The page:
Invisible Gorillas in Medicine

You may be familiar with the Invisible Gorilla phenomenon, a case for “inattentional blindness” when we are focusing on something intently and miss something else entirely. The most famous version is this video in which the narrator asks the viewer to count the number of basketball passes made, while a gorilla walks by in the background…

Now, a new study from psychological scientists at Brigham and Women’s Hospital in Boston showed that 83 percent of radiologists failed to spot the animal in a CT scan, even though they went past it four times on average:

Three psychological scientists at Brigham and Women’s Hospital in Boston—Trafton Drew, Melissa Vo and Jeremy Wolfe—wondered if expert observers are also subject to this perceptual blindness. The subjects in the classic study were “naïve”—untrained in any particular domain of expertise and performing a task nobody does in real life. But what about highly trained professionals who make their living doing specialized kinds of observations? The scientists set out to explore this, and in an area of great importance to many people—cancer diagnosis.

Radiologists are physicians with special advanced training in reading various pictures of the body—not just the one-shot X-rays of the past but complex MRI, CT and PET scans as well. In looking for signs of lung cancer, for example, radiologists examine hundreds of ultra-thin CT images of a single patient’s lungs, looking for tiny white nodules that warn of cancer. It’s these expert observers that the Brigham and Women’s scientists chose to study.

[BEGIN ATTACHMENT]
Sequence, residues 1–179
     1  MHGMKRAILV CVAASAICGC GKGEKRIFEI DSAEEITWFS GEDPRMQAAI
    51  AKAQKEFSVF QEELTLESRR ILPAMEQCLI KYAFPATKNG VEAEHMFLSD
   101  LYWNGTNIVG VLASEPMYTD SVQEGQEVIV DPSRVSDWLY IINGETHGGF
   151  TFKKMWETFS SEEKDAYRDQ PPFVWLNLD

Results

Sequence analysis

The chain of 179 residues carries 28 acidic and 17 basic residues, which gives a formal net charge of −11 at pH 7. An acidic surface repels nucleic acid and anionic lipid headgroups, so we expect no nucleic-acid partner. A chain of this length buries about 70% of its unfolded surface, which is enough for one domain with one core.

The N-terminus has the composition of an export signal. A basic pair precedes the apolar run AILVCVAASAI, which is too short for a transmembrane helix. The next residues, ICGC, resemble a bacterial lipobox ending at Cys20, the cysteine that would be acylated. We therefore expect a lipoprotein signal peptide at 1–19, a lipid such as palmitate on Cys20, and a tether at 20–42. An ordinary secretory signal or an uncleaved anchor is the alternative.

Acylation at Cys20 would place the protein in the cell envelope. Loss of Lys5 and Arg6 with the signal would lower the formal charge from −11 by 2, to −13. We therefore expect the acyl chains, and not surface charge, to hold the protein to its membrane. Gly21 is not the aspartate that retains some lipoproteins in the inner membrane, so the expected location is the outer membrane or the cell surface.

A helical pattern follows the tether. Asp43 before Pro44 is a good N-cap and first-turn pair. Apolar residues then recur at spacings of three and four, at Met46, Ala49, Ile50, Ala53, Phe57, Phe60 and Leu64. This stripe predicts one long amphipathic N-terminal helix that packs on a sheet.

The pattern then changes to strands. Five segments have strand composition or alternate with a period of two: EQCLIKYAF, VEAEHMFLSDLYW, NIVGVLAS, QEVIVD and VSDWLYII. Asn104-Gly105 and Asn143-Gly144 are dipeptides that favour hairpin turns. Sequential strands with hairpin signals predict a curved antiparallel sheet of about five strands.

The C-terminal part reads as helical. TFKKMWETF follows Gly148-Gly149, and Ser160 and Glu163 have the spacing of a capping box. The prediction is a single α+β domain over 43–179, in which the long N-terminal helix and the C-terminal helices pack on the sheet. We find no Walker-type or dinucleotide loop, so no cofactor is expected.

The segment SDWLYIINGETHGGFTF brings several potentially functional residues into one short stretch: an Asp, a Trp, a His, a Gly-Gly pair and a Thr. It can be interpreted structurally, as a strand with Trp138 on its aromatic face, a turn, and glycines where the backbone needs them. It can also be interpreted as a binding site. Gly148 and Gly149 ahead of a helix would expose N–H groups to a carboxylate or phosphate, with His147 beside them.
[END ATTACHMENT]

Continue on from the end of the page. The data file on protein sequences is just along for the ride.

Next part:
They recruited 24 experienced and credentialed radiologists—and a comparable group of naïve volunteers. They tracked their eye movements as they examined five patients’ CT scans, each made up of hundreds of images of lung tissue. Each case had about ten nodules hiding somewhere in the scans, and the radiologists were instructed to click on these nodules with a mouse. On the final case, the scientists inserted a tiny image of a gorilla (an homage to the original work) into the lung. They wanted to see if the radiologists, focused on the telltale nodules, would be blind to the easily detectable and highly anomalous gorilla.

The gorilla was miniscule, but huge compared to the nodules. It was about the size of a box of matches—or 48 times the size of a typical nodule. It faded in and out—becoming more, then less opaque—over a sequence of five images.  There was no mistaking the gorilla: If someone pointed it out on the lung scan and asked, What is that? – everyone would answer: That’s a gorilla.

The gorilla seems hard to miss (photo here).  I think the idea behind this experiment was to determine whether being highly trained made people less susceptible to the phenomenon of change blindness. Doesn’t seem to be the case based on the results of this study.